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Heather Hannah, Former Aide to First Lady Dianne Bentley, Received Death Threats and Other Intimidation Because of Her Suspected Role in Bentley/Mason Tapes

Posted on the 07 April 2017 by Rogershuler @RogerShuler

Heather Hannah, former aide to First Lady Dianne Bentley, received death threats and other intimidation because of her suspected role in Bentley/Mason tapes

Heather Hannah

An aide to Alabama's former first lady, suspected by administration officials of helping record intimate conversations between Gov. Robert Bentley and adviser Rebekah Caldwell Mason, received death threats after the tapes became public in March 2016.
That is among the key findings from a House Judiciary Committee impeachment report released late this afternoon.
Heather Hannah, who had been an assistant to Dianne Bentley prior to the first lady's divorce from Gov. Bentley after 50 years of marriage, became the target of an intimidation campaign from the governor's office. It included at least two confrontations with Gov. Bentley himself.
The 131-page report broadly found that Gov. Bentley used law-enforcement personnel to help cover up the affair with Mason. From the report:
Governor Bentley directed law enforcement to advance his personal interests and, in a process characterized by increasing obsession and paranoia, subjected career law enforcement officers to tasks intended to protect his reputation.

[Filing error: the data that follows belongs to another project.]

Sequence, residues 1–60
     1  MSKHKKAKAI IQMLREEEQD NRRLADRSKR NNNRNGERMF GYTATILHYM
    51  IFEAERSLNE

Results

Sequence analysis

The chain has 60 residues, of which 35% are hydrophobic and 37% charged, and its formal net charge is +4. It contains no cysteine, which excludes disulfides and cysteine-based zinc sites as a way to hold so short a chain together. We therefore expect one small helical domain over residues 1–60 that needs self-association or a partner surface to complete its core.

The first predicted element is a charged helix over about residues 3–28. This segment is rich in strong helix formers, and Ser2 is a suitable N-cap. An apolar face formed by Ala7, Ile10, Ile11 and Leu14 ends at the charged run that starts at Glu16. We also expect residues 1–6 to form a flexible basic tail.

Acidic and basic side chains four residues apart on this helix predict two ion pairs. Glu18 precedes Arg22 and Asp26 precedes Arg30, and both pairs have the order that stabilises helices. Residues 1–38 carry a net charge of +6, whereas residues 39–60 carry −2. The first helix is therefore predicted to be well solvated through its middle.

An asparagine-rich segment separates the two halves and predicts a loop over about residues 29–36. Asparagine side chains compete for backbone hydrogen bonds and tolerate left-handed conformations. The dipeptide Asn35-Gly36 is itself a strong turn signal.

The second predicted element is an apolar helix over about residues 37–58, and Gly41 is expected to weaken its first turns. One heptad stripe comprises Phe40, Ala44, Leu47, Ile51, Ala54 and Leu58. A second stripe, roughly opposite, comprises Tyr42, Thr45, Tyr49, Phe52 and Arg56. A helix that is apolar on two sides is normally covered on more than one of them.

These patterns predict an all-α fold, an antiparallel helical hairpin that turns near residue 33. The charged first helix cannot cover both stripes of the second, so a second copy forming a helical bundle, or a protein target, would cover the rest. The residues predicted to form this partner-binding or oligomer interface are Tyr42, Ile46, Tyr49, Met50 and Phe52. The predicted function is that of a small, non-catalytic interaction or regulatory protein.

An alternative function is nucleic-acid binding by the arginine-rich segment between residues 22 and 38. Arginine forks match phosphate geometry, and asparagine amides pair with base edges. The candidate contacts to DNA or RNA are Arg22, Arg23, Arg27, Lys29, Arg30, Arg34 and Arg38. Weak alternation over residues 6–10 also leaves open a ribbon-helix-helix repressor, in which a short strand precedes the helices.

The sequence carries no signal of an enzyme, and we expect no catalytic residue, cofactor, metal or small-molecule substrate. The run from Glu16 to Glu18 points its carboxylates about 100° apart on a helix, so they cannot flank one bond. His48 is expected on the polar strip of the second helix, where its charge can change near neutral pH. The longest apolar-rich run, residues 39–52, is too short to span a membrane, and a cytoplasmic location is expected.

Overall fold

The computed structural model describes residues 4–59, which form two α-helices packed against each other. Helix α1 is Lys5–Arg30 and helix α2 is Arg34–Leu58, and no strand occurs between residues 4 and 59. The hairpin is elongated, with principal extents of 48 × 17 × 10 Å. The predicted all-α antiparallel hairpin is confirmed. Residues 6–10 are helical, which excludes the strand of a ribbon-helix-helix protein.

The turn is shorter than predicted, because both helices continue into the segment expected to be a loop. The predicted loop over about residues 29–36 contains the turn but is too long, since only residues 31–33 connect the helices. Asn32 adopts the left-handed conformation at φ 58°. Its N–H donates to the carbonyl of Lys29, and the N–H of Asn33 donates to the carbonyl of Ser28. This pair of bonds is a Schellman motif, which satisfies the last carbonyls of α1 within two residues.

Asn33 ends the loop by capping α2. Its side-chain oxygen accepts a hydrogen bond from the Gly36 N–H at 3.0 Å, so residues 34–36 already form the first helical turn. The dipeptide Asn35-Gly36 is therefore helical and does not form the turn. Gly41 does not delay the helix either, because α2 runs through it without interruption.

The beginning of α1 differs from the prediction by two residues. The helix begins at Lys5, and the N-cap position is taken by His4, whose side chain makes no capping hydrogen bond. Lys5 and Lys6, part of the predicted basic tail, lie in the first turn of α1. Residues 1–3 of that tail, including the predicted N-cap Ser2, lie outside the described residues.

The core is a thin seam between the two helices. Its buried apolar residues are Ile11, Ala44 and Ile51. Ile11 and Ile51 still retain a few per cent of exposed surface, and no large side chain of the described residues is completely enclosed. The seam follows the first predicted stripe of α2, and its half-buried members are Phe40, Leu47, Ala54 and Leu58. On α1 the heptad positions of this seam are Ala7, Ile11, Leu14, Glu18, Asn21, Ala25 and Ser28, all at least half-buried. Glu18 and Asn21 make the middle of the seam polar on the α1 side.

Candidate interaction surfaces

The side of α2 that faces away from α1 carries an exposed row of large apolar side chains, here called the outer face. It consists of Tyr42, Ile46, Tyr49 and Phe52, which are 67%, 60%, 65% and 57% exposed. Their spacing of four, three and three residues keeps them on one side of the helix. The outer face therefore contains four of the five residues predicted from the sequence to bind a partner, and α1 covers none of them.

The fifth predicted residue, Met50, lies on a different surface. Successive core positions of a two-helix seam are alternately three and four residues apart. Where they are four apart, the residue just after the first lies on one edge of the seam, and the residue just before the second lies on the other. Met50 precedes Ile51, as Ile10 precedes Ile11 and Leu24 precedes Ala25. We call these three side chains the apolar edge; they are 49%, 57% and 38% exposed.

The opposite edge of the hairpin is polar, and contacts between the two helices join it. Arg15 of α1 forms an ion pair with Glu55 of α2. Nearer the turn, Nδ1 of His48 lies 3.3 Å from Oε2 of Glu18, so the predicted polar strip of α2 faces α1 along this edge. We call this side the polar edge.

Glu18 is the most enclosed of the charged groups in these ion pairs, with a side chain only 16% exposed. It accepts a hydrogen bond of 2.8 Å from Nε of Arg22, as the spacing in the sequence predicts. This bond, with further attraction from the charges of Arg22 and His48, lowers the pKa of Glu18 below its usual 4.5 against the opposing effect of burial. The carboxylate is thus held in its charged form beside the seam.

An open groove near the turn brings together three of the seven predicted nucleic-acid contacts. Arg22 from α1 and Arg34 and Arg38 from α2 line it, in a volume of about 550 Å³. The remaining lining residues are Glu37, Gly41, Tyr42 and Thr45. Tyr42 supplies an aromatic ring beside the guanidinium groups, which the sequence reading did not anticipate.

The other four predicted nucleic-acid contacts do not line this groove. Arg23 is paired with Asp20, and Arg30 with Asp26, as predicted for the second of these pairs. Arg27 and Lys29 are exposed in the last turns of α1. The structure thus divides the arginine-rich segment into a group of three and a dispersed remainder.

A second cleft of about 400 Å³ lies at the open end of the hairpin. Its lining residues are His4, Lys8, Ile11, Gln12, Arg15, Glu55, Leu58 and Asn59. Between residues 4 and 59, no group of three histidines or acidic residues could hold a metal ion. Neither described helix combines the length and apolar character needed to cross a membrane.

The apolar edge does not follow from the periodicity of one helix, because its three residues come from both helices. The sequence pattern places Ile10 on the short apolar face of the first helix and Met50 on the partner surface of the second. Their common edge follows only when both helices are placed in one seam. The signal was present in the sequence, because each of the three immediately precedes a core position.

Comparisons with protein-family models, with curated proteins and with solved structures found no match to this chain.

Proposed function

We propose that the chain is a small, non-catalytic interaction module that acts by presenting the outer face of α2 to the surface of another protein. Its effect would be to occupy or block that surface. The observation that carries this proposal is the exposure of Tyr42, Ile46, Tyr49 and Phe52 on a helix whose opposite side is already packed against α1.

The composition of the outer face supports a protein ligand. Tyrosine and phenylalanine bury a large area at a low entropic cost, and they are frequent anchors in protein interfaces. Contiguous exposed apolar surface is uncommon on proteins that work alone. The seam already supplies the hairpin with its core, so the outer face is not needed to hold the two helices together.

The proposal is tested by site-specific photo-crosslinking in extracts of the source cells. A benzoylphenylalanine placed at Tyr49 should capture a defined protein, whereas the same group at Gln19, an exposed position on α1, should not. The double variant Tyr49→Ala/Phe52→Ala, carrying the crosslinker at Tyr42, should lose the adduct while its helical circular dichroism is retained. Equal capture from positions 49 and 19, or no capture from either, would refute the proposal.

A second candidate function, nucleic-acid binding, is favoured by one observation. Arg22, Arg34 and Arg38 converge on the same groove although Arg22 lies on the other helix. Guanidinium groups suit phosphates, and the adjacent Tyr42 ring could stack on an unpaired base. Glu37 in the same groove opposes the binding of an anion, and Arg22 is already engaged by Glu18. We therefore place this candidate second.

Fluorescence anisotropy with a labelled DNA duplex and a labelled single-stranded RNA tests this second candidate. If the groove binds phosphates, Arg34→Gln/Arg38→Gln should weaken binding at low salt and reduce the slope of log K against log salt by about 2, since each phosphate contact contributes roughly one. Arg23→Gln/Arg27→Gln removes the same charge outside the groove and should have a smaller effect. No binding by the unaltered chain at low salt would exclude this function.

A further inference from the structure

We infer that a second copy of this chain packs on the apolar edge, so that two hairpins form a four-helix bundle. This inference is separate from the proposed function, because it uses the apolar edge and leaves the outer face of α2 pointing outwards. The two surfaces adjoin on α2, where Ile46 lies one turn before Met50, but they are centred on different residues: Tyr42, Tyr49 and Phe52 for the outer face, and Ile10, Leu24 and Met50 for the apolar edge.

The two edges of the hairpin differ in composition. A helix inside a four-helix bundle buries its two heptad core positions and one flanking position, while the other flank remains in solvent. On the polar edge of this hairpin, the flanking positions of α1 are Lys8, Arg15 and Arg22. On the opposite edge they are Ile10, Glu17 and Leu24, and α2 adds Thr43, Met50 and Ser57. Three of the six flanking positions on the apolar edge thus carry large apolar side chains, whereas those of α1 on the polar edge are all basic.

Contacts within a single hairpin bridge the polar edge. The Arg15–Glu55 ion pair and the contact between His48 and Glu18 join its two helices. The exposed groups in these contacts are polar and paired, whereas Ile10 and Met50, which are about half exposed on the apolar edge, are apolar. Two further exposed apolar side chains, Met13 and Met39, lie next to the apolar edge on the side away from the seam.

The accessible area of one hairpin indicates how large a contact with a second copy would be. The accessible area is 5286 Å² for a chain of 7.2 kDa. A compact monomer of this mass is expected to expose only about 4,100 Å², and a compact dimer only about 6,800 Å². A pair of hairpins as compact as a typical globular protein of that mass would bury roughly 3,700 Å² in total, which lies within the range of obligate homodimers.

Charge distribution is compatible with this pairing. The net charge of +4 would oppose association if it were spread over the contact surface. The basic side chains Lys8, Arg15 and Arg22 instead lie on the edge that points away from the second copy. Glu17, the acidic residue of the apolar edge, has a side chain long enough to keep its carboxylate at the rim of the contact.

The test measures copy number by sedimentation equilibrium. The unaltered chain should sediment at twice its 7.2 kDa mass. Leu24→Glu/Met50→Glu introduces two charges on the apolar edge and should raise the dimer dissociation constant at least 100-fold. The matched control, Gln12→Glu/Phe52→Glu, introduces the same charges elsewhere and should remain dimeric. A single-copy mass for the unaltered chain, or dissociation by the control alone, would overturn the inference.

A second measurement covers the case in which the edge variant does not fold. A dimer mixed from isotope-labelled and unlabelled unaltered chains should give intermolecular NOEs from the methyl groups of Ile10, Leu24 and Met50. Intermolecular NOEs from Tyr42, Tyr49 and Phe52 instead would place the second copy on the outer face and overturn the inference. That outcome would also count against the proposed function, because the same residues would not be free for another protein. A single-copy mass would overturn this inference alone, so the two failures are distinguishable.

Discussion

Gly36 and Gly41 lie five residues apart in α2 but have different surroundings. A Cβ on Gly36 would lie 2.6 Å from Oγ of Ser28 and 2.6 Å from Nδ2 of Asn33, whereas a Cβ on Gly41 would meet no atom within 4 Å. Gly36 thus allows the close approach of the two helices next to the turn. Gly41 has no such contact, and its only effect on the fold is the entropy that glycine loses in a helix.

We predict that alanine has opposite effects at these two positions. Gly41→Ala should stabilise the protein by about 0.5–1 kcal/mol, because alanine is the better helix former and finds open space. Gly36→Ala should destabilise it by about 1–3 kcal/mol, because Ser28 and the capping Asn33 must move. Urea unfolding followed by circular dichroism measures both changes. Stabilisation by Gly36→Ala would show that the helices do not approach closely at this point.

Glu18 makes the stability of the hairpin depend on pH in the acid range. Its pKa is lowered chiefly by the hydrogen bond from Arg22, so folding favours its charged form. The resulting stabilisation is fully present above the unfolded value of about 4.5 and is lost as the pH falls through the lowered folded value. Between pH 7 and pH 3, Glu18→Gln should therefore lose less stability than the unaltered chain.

The most stunning example of the administration's "obsession and paranoia" involved Heather Hannah. From the report:
The first evidence of this obsession occurred in the Spring of 2014 and involved Heather Hannah. At the time the recordings were made, Hannah was just a few months shy of her departure from Ms. Bentley’s staff, which occurred after the Republican Primary in June. As Hannah describes it, Governor Bentley blamed Hannah for the existence of the tapes because he believed there was no possible way Ms. Bentley could have made them without her help. As the existence of the recordings became known, Hannah began to hear through other staff members and officials that Governor Bentley perceived her as problematic due to the existence of the recordings.

That led to two encounters with Gov. Bentley, labeled "The Kitchen Confrontation" and "The Parking Lot Confrontation." From the report, about the first encounter:
Hannah testified that Governor Bentley’s suspicion of her was so great that he personally confronted her on two occasions at the Governor’s Mansion. One confrontation took place in front of a wall of refrigerators in the kitchen of the Mansion. Governor Bentley pointed his finger in Hannah’s face and threatened, “You will never work in the State of Alabama again if you tell anyone about this (the affair).” Hannah relates that she was not intimidated by this encounter but believes intimidation was Governor Bentley’s intent. She described his demeanor as angry and that he was speaking to her in a loud tone of voice.

Gov. Bentley's intimidation efforts did not stop there. From the report:
The second Bentley confrontation of Hannah occurred shortly thereafter when she came face-to-face with Governor Bentley in the parking lot of the Mansion. Then, Governor Bentley confronted her about his suspicion that she had bugged his office to listen to conversations between him and Mason. Hannah relates that Governor Bentley warned her to “watch herself,” that she “did not know what she was getting into,” and that because he was the governor, people “bow to his throne.”